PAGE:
Weather

How does a storm arise?

Due to its high w-ind speed, a storm causes major destruction to buildings and in nature.

© SHUTTERSTOCK

When is it a storm?

Popularly, a strong wind is called a storm, but according to the KNMI standards it only storms at wind force 9.

Wind speeds from 20.8 to 24.4 m / s occur within a low-pressure area. In a heavy storm it blows at 24.5 to 28.4 m / s and a very heavy storm has speeds of 28.5 to 32.6 m / s. Above that, from wind force 12, we speak of a hurricane.

Due to its high w-ind speed, a storm causes major destruction to buildings and in nature.

© SHUTTERSTOCK

How does a storm arise?

A storm starts as a failure in the zone that separates warm from cold air. The front is constantly moving, and warm air is pushed up while the pressure drops close to the surface. With that pressure drop there is more movement around the center of the low-pressure area, and ultimately a balance is created between the pressure forces of the low-pressure area and the coriolis force, which pulls all movement in our hemisphere to the right.

At the top of the troposphere there is a similar process whereby a low pressure zone is created in the cold air mass. As a result, the cold air draws harder to the warm, so that the process around the low-pressure area is strengthened. And as long as the process is not disrupted by other meteorological systems, it thus strengthens itself and extracts its energy from the imbalance between cold and warm air.

Temperature differences

Autumn storms arise when a large low-pressure area from the Atlantic Ocean lands. The low pressure occurs with large temperature differences in the atmosphere. In the autumn, warm air from Southern Europe collides with cold polar air.

The warm air is pushed up and expands; therefore the pressure drops. The low pressure area draws in air and a wind is created that can easily get the power of a storm.

Storms occur especially in the fall when a strong low-pressure area from the Atlantic Ocean crosses Northern Europe and collides with warm air from Southern Europe.

© SHUTTERSTOCK

The most powerful wind often occurs in the fierce rain, hail or thunderstorms of the cold front, or in the wake of the cold air. In extreme cases, where the wind speeds reach a hurricane force, the highest wind speeds are measured in the warm air just before the cold front, with an extra strong wind a few hundred kilometers away from the center of the low-pressure area.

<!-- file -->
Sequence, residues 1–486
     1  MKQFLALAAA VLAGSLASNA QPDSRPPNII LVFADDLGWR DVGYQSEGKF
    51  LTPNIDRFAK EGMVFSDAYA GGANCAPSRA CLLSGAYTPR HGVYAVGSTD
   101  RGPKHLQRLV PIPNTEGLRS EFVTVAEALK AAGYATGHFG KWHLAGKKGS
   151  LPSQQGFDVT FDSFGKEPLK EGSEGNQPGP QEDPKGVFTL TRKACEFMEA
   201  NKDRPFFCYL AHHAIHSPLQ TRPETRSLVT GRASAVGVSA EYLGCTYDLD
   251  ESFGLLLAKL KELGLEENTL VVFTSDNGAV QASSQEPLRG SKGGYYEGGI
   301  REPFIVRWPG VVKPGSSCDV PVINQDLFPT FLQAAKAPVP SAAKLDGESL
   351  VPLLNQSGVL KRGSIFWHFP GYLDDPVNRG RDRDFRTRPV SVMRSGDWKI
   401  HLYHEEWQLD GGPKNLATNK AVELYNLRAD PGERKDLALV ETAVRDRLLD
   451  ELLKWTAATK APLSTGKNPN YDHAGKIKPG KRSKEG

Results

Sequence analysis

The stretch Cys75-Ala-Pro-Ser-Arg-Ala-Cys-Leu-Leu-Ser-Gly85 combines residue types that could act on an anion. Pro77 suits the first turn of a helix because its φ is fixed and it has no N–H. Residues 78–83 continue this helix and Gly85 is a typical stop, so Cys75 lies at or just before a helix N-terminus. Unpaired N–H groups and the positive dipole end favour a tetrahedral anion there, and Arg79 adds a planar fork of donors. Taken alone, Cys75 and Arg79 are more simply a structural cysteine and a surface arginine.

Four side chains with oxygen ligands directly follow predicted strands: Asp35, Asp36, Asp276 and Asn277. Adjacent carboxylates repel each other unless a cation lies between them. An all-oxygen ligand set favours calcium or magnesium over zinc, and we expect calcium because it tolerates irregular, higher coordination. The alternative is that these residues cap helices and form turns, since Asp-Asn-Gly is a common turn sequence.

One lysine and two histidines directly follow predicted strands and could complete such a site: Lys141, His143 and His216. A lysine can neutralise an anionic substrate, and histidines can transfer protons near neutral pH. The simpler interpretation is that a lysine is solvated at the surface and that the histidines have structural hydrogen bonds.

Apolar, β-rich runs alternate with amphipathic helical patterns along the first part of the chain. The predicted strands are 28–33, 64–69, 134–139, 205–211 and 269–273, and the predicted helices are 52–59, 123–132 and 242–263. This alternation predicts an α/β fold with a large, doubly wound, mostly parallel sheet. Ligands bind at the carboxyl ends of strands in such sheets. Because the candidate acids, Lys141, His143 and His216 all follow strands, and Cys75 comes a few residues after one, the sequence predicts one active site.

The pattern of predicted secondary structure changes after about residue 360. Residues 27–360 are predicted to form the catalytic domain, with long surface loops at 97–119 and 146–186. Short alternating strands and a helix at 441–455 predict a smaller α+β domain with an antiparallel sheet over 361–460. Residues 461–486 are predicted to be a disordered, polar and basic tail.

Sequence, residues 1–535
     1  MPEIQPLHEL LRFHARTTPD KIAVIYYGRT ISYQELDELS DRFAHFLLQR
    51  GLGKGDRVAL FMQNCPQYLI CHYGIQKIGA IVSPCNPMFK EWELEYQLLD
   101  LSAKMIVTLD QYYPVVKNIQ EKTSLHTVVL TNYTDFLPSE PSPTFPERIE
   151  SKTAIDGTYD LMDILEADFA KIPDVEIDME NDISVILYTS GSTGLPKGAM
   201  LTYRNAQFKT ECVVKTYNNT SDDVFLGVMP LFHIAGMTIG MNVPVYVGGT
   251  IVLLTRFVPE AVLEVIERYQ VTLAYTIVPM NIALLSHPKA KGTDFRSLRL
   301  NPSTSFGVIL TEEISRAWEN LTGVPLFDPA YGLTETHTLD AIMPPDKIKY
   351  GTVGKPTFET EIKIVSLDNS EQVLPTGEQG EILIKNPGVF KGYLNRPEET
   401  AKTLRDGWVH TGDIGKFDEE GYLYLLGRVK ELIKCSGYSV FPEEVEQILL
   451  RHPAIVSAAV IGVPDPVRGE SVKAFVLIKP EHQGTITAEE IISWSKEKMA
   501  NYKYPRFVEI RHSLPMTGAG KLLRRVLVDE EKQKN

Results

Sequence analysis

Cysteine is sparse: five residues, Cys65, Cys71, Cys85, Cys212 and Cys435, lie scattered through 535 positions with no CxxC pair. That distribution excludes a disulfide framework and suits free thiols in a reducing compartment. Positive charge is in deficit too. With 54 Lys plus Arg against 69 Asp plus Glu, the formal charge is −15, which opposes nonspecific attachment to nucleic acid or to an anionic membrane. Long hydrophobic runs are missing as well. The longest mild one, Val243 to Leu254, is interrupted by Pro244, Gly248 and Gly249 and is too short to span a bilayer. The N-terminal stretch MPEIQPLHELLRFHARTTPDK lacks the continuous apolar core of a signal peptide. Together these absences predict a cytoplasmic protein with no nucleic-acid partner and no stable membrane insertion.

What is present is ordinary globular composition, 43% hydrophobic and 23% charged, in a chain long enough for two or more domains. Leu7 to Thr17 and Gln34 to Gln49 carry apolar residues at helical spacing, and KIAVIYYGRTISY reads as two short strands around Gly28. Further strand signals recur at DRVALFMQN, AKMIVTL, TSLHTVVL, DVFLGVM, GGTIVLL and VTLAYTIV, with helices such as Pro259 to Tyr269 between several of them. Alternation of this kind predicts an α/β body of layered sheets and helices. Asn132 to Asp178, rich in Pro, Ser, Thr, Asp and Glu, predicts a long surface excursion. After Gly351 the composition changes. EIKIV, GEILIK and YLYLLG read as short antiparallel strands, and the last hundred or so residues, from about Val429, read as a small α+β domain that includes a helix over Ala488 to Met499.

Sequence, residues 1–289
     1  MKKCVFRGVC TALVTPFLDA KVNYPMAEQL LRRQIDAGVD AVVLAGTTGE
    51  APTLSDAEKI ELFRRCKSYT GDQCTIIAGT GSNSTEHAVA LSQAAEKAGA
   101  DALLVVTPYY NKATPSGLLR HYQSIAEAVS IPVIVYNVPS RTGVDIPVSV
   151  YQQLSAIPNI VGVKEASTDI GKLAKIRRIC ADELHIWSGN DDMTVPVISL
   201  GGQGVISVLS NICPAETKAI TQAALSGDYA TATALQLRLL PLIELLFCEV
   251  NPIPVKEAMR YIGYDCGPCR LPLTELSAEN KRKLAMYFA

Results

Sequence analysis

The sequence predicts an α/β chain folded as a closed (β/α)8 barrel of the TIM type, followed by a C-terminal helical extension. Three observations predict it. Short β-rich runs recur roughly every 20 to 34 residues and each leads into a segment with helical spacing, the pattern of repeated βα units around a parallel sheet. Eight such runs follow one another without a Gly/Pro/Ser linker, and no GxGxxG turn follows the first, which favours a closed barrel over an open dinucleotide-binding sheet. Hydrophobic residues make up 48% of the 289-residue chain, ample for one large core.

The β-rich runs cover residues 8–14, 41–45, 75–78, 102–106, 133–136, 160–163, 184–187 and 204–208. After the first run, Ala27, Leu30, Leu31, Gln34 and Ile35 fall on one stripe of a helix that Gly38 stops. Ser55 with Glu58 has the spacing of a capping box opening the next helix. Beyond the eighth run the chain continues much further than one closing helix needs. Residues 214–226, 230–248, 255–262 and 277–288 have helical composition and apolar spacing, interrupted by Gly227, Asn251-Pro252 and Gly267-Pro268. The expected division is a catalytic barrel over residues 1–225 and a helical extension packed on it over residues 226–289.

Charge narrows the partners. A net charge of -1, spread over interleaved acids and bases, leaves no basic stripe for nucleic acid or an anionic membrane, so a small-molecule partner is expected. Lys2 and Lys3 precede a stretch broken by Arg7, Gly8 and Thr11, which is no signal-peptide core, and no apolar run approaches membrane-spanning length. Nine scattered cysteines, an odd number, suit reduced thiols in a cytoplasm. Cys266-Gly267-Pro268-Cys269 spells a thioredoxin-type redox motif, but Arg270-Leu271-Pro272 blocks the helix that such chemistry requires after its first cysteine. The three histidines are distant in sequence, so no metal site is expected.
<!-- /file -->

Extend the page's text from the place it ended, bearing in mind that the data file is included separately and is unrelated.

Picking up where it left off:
What is the Beaufort scale?

The Beaufort scale is divided into 13 different wind forces. It is named after Francis Beaufort who established the scale in 1805.

The scale has been determined empirically. It was originally conceived from the effect that the wind had on the sails of the frigate of Beaufort, where 12 meant that all sails were full. Since then, others have added wind speeds to the Beaufort scale.

The wind force on the Beaufort scale indicates the force that the wind can have over land or at sea.

On the Beaufort scale, a storm has wind force 10. Wind force 10 means a wind speed of between 24.5-28.4 m / s, and a powerful storm with wind force 11 has a wind speed of 28.5-32.6 m / s s.

The Beaufort scale shows the influence of the wind on land and sea. During a storm enormous waves are created and the visibility is deteriorated by the spraying foam.

With wind force 10-11 on the Beaufort scale, a lot of damage is done on the mainland. On houses and trees for example. If you follow the scale, you will see on the water that there are huge waves and that the sea level is almost completely white due to the foam.

Name lists rotate between areas

For areas where there are many storms or hurricanes, the WMO (World Meteorological Organization) has drawn up an official, alphabetical list of alternating boy and girl names.

There are several lists that rotate between different areas. Each list is used again every six years, so that the names come back. If the storm has a particularly violent and destructive character, the name will not be used again and will be removed from the list.

Video: How do tornadoes form? - James Spann (December 2019).

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